Home / Politics / Policy /  SC orders Sahara chief Subrata Roy’s arrest

Mumbai: The Supreme Court issued a non-bailable arrest warrant against Sahara group chief Subrata Roy for failing to appear before the court on Wednesday in connection with contempt proceedings against two group firms and directors for not refunding money owed to bond investors.

On Tuesday, the apex court denied Roy’s plea seeking exemption from a personal appearance before it to answer for the failure of his companies to refund about 24,000 crore to investors who bought the so-called optionally fully convertible debentures (OFCDs) sold by them.

The Supreme Court order said: “...We issue non-bailable warrants of arrest qua Mr. Subrata Roy Sahara, alleged contemnor No.5. He shall be arrested and produced before this Court on March 04, 2014 at 2.00 p.m."

The other three directors of Sahara India Real Estate Corp. Ltd (SIRECL) and Sahara Housing Investment Corp. Ltd (SHICL)—Vandana Bhargava, Ashok Roy Choudhary and Ravi Shankar Dubey—were present in the Supreme Court for the hearing on Wednesday.

Ram Jethmalani, senior counsel representing Sahara, explained to a Supreme Court bench comprising justices K.S. Radhakrishnan and J.S. Khehar that Roy was unable to appear before it because his 92-year-old mother was unwell.

“His mother is dying and he is required to be by her side holding her hand," Jethmalani told the court.

In his submission to the court, copies of which were distributed to the press, the lawyer said Roy had flown from Lucknow to Delhi on Monday to be present at the hearing on Wednesday, but had to return the same day after receiving a message from doctors that his mother, a heart patient, was in critical condition.

The Sahara group also released copies of a letter written by Roy to Jethmalani on Wednesday that said: “If there is any doubt about condition of my mother, the Hon’ble Court may kindly send someone to my place in Lucknow and the truth shall be revealed. Nothing is more than Mother."

It added: “The moment I shall be in a position to go and come back, I shall inform immediately and then on any convenient date given by the Hon’ble Court, I shall be attending the court."

The Sahara group attached a medical statement by doctors attending to Roy’s mother at Sahara Hospital in Lucknow that said the condition of the patient, who has coronary heart disease, a permanent pacemaker implanted for complete heart block and has diabetes as well, had deteriorated since Monday.

“At this age of 92 years with this stage and condition with a fragile emotional status and deep attachment to her eldest son, we feel, both on humane as well as on medical ground and for her psychological strength, her eldest son’s presence by her side is very important apart from other son and daughter who all are present here," the doctors wrote in the statement.

The Supreme Court is hearing a contempt petition filed by the Securities and Exchange Board of India (Sebi) alleging that the Sahara group firms had failed to comply with the apex court’s 31 August 2012 direction to refund investors through the capital market regulator.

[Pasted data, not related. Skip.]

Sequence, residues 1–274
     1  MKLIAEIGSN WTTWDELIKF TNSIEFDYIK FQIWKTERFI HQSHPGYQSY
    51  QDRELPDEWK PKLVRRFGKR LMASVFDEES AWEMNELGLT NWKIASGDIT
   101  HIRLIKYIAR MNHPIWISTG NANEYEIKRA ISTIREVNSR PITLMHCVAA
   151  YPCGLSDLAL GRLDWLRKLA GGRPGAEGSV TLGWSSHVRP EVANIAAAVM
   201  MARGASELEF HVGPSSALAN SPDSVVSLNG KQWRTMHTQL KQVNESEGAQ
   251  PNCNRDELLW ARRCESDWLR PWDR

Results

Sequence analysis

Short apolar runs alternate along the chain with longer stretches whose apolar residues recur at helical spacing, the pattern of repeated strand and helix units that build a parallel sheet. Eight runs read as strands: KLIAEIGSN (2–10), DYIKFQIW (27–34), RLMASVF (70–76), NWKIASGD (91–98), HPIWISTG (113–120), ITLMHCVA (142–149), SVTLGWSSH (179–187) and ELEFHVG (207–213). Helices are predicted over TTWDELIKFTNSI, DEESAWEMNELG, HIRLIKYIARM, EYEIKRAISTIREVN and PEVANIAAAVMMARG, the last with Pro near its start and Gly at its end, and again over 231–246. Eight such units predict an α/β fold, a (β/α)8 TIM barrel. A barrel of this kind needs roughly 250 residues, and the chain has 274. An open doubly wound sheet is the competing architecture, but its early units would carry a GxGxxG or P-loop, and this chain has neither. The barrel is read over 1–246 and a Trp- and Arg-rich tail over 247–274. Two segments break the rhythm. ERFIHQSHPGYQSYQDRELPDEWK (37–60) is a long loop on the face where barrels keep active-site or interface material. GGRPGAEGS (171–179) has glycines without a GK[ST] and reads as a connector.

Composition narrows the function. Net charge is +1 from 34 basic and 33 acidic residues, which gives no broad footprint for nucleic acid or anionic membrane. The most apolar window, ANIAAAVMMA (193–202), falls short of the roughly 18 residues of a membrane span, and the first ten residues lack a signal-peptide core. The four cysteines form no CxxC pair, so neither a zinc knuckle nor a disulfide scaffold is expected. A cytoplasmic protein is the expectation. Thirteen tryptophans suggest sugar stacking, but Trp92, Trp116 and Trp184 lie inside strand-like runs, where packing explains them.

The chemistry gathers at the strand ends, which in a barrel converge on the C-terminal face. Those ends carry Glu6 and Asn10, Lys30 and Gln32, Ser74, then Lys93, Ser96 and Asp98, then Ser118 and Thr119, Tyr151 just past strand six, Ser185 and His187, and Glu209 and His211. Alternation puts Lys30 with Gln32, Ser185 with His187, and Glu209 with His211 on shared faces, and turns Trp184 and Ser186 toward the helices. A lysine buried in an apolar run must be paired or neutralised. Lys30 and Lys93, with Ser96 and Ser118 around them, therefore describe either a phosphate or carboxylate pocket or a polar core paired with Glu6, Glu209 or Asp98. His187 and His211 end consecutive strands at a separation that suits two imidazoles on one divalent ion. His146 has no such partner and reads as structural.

SIRECL and SHICL had collected money from at least 29.61 million investors between April 2008 and April 2011 through the sale of OFCDs. The capital market regulator had said that the OFCD sale was in violation of public issue norms under the companies law and the Sebi Act.

The Supreme Court, on 5 December 2012, gave the Sahara group companies nine weeks to pay back 24,000 crore with 15% interest to investors, with an immediate upfront payment of 5,120 crore.

The balance amount was to be deposited with Sebi in two instalments— 10,000 crore by the first week of January and the remaining by the first week of February.

The group handed over a draft for 5,120 crore on 5 December, but failed to pay the rest of the amount. In fact, it claimed that the total liabilities of SIRECL and SHICL to bond investors had dropped from 24,000 crore to 2,610 crore, which the group said had been paid to Sebi, along with a buffer amount of 2,500 crore.

At an earlier hearing earlier, the Supreme Court bench observed that Sebi could go ahead with the sale of properties of the group whose sale deeds have been handed over to the markets regulator to recover the money owed to investors.

“Those properties you can sell. We allow you to sell them and recover the money. If they are encumbered properties, then you can file a criminal case against the company. The case must be brought to a logical conclusion," the bench said.

The apex court had in November last year barred Roy from leaving the country and also restrained the group from selling any of its properties.

PTI contributed to this story.

Sahara has filed a defamation case in a Patna court against Mint’s editor and some reporters over the newspaper’s coverage of the company’s dispute with Sebi. Mint is contesting the case.

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